Bats have had a bad press.
Yet they snaffle bugs by the thousand
And carefully clean their babies’ faces.
Catriona O’Reilly, A Lecture upon the Bat
Poets through the ages have written about love, loss, war and peace and…bats. Emily Dickinson, Edward Lear, D. H. Lawrence and Stevie Smith as well as modern poets Seamus Heaney, Kathleen Jamie, Les Murray and Ted Hughes have found bats to be a source of inspiration and mythology, flitting in and out of human experience in some unexpected ways. The title of this collection is based on a line in The Tempest.
Winging through the leaves of this unique anthology and hanging upside down on its every page are bats large and small, real and fictional; scary bats, scared ones, evil bats and positively heroic ones, bats on ceilings and skylines, in airing cupboards and even cuddling up in bed with some of the 65 authors included.
Professor John Altringham (University of Leeds) provides a preface, briefly introducing us to the more than 1,100 species of bats throughout the world.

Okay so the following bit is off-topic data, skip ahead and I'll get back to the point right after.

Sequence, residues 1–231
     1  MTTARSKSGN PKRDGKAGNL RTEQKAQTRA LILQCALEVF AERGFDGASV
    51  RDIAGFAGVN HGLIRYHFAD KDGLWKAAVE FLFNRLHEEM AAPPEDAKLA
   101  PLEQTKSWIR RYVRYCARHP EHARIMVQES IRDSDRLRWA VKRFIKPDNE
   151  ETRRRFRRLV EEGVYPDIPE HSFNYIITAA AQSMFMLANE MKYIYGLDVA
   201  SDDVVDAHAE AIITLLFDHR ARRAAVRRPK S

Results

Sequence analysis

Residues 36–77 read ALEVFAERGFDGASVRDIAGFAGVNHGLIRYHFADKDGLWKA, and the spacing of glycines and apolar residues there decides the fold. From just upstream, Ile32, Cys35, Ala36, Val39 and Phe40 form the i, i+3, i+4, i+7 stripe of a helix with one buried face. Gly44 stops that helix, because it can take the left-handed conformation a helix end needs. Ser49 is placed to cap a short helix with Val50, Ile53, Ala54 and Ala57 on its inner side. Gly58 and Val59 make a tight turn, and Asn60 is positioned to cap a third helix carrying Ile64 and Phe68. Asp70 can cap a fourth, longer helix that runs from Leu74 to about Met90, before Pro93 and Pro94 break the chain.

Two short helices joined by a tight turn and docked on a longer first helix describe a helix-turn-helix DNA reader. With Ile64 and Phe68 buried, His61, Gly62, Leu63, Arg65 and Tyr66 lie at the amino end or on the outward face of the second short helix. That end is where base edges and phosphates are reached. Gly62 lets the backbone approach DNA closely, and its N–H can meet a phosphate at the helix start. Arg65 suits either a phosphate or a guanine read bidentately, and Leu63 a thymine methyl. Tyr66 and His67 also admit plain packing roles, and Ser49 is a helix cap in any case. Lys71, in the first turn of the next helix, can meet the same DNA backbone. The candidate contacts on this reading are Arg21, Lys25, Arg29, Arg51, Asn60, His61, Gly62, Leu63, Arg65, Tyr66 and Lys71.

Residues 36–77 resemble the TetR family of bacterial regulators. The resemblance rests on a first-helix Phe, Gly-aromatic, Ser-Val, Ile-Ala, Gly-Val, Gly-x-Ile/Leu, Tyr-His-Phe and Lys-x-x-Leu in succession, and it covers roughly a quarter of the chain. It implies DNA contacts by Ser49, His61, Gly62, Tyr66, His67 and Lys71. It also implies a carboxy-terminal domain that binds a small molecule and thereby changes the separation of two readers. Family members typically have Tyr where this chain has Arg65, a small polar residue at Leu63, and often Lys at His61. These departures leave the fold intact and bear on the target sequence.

"Not long ago, following some chiropterophobic remarks in this column, I was reproached in gentle terms by the mild-mannered members of our great nation's bat-fancying community. At last I have the chance to make amends, by recommending a book of poems about bats. Who knew there were enough good poems about bats to make a chapbook, far less an entire anthology? Yet here they are – wonderful poems by Seamus Heaney, Emily Dickinson, William Shakespeare, D H Lawrence, John Updike and dozens of others. I particularly enjoyed Frank Jacobs's poem, which ends: "Bats when flying undismayed are;/ Bats are careful; bats use radar;/ Bats at night-time at their best are; Bats by Batman unimpressed are!" On A Bat's Wing is published by Five Leaves Poetry, and all royalties go to the Bat Conservation Trust. Every byre should have one."
- Daily Telegraph#